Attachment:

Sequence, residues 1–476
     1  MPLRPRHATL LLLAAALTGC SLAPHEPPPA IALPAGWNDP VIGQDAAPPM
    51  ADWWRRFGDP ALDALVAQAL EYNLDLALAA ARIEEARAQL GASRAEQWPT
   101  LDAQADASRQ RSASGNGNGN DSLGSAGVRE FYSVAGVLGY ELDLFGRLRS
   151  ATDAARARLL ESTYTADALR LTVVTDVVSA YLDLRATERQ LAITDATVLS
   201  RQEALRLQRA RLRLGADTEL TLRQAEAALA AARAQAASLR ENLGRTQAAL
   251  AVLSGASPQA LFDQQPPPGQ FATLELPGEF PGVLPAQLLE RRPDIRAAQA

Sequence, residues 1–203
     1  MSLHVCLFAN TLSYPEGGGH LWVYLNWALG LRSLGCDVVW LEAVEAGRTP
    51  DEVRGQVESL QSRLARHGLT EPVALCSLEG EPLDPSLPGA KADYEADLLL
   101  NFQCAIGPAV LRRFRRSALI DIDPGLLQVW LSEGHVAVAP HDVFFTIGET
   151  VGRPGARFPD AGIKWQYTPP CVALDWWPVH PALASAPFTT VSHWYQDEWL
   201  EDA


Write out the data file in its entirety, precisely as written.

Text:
Sequence, residues 1–476
     1  MPLRPRHATL LLLAAALTGC SLAPHEPPPA IALPAGWNDP VIGQDAAPPM
    51  ADWWRRFGDP ALDALVAQAL EYNLDLALAA ARIEEARAQL GASRAEQWPT
   101  LDAQADASRQ RSASGNGNGN DSLGSAGVRE FYSVAGVLGY ELDLFGRLRS
   151  ATDAARARLL ESTYTADALR LTVVTDVVSA YLDLRATERQ LAITDATVLS
   201  RQEALRLQRA RLRLGADTEL TLRQAEAALA AARAQAASLR ENLGRTQAAL
   251  AVLSGASPQA LFDQQPPPGQ FATLELPGEF PGVLPAQLLE RRPDIRAAQA

Sequence, residues 1–203
     1  MSLHVCLFAN TLSYPEGGGH LWVYLNWALG LRSLGCDVVW LEAVEAGRTP
    51  DEVRGQVESL QSRLARHGLT EPVALCSLEG EPLDPSLPGA KADYEADLLL
   101  NFQCAIGPAV LRRFRRSALI DIDPGLLQVW LSEGHVAVAP HDVFFTIGET
   151  VGRPGARFPD AGIKWQYTPP CVALDWWPVH PALASAPFTT VSHWYQDEWL
   201  EDA